With little trepidation, we headed to Barb Taylor’s office and pleasantly surprised her. She recognized me right away, and that started a fantastic 3-hour visit where we got caught up on personal lives, science, politics and travel. The other faculty member I hankered to see was the eminent Dr. Art Boucot. I soon found out he passed away this past April. Art was/is a legend in the world of paleontology, a prolific scientist and author elucidating for the world the rules and patterns of evolution and extinction. Art’s office was across from mine at OSU and I was fascinated by him. Despite his general grumpiness, I was allowed to roam through his extensive fossil collections, giving us significant time discussing old school versus new school science and the history of life on the planet. I was also privy to several of his ongoing combative correspondence with the famous paleontologist, Stephen J. Gould. Art knew of my passion for flying and revealed that he’d been a navigator on B-24 liberators earning the Distinguished Flying Cross, an Air Medal and other commendations. The Boucot Plateau of the Geologist Range in Antarctica is named for him.

Walking from campus, we headed to the River for cocktails and dinner. Les indulged in an original Hemingway daiquiri while I worked my way through 3 single malts (Macallan 12, Bowmore 12, and a Highland Park 12). After a great meal of tapas we headed back to the University Inn.

Tuesday: Up and at ‘em, we met Bill Dougherty for breakfast. Jim had introduced me to Bill soon after joining the flying club. Bill was already a tenured faculty member and one of the youngest, not to mention a brilliant scientist with a hankering for adventure. Our introduction came about with Jim thinking it would be great for Bill to have me ride in the right seat, learning tips and sharing expenses. Of course Jim was right, Bill and I would become good friends, spending countless hours in the cockpit flying all over Oregon night and day. A free spirit, Bill gave up the “comfy” academic life and became a hugely successful car parts maven back in North Carolina. Bill had flown in for his annual Northwestern fishing trip and it was Bill who organized our joint visit with Jim.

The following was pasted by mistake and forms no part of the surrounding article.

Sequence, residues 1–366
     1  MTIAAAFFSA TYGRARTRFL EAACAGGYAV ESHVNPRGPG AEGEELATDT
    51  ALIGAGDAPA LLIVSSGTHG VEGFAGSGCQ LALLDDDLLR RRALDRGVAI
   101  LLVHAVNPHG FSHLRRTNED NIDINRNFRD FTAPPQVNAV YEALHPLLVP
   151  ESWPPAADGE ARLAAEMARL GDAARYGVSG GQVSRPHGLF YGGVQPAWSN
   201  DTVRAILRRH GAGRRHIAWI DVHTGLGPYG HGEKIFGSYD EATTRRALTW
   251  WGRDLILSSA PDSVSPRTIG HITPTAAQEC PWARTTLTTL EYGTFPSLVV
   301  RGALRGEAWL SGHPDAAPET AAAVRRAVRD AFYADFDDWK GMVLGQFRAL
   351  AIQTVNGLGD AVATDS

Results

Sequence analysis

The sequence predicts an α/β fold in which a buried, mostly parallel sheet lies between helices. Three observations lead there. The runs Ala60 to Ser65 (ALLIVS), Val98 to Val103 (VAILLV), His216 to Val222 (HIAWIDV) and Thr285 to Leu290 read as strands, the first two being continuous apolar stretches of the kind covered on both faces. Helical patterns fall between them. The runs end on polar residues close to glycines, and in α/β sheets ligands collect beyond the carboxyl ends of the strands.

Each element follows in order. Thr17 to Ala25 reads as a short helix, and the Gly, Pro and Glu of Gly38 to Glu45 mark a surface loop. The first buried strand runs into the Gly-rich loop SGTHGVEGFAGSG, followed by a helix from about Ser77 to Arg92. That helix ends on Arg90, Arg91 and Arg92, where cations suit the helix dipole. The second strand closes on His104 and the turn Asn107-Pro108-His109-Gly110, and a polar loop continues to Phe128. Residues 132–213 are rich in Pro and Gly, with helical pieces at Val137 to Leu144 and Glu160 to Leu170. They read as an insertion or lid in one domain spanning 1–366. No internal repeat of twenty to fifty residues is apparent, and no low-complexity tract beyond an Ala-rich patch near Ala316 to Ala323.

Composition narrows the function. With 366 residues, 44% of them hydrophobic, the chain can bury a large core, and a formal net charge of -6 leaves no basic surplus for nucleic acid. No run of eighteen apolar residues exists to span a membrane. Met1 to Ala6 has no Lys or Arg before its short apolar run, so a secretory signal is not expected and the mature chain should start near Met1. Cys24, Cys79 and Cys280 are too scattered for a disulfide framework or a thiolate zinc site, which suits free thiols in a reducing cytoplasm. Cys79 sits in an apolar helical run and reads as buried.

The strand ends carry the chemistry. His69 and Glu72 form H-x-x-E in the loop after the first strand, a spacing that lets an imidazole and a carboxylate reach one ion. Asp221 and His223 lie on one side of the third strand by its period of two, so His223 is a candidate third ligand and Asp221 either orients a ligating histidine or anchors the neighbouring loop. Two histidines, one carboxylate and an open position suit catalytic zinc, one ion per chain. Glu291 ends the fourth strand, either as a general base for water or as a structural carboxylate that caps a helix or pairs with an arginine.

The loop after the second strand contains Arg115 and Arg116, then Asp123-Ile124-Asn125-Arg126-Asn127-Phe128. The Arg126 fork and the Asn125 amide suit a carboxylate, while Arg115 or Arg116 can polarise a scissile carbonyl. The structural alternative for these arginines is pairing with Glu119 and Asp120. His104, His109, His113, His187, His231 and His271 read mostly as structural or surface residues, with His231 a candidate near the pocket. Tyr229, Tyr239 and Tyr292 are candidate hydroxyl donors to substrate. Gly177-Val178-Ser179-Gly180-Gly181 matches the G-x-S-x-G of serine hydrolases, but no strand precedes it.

As we approached Jim and his wife Patsy’s front door, I had mixed feelings about seeing him on the very far side of life. But the instant he opened the door and saw Bill and then looked past to me, with instant recognition and a broad smile, only good emotions flowed. Jim knew Bill was coming but we hadn’t told him I’d be along as weather could have gotten in the way of the flight, and we didn’t want to disappoint. He said he had a feeling I’d be along and he was thrilled Leslie came as well.

 

Col. James K. McPherson (USAF, Ret.) was a graduate of the U.S. Naval Academy, 1955. He was the commander of the 559 Flying Training Squadron from June 1972 to June 1974. Taking over the Squadron with its conversion from a combat and training unit, to an instructor training squadron for both U.S. and friendly nation instructor crews, it has a proud history dating back to 1941. Prior to this assignment, Jim was a fighter pilot in numerous jet fighters, and after being shot down in combat, wrote a manual on how to bring a damaged jet to ground.

We spent a couple of hours catching up with Jim, who was a very active participant. Unfortunately, Patsy was not able to really converse with us. Jim offered Bill and I some books and one on the Rheinbeck aerodrome hit home as it was where I had my first exposure to small planes. Although I really wanted the book I felt that his son Jimmy should have the collection and said as much stepping away and worried I’d hurt his feelings.

We then spent another couple of hours at lunch where Jim recounted a few good flying stories and a few military administrative nightmares, all good stuff. I was clear we wouldn’t have a lot or even one more gathering all together. We then had the difficult task of saying goodbye but we still grabbed a picture for the album. Not even the Colonel could keep his emotions completely in check which made it even more difficult a parting. Jim looks great in this photo but it didn’t capture (happily) his frailty. Oh, and he did not like my beard – not one bit at all.

Back to Corvalis Muni for a preflight briefing, inspection and oil top off. We planned for 11,500’ and 3:45 minutes (a 14kt headwind was neither desirable nor helpful) on a straight line back to the Bay Area. I’d have a lot of time to think about the visit, Jim and Patsy, and how fleeting our time is here. We launched at around 3pm and as we got to Medford and the mountains, we encountered building cumulous and light/moderate turbulence. To save fuel and time I had my climb as fairly shallow at 300 ft/min. But by the time we got to 9,500’ I would have gone up to 13,500’ to clear the clouds. With that we opted to stay at 9,500’ and head toward Shasta/ Redding to get better weather and lots of “outs’ for the remainder of the flight. Although a little longer, we picked up a tail wind west of Redding and managed to wheels down in 3:20 despite an extra 20nm of flying. I also lost my digital turbine induction temperature probe about an hour or so into the flight (despite being new) but had a back up in the ship’s original gauge.

I’ve since had a touching email exchange with Jim re the visit and we both thanked each other for our time together.

I’ll say it again; I respect the hell out of that man.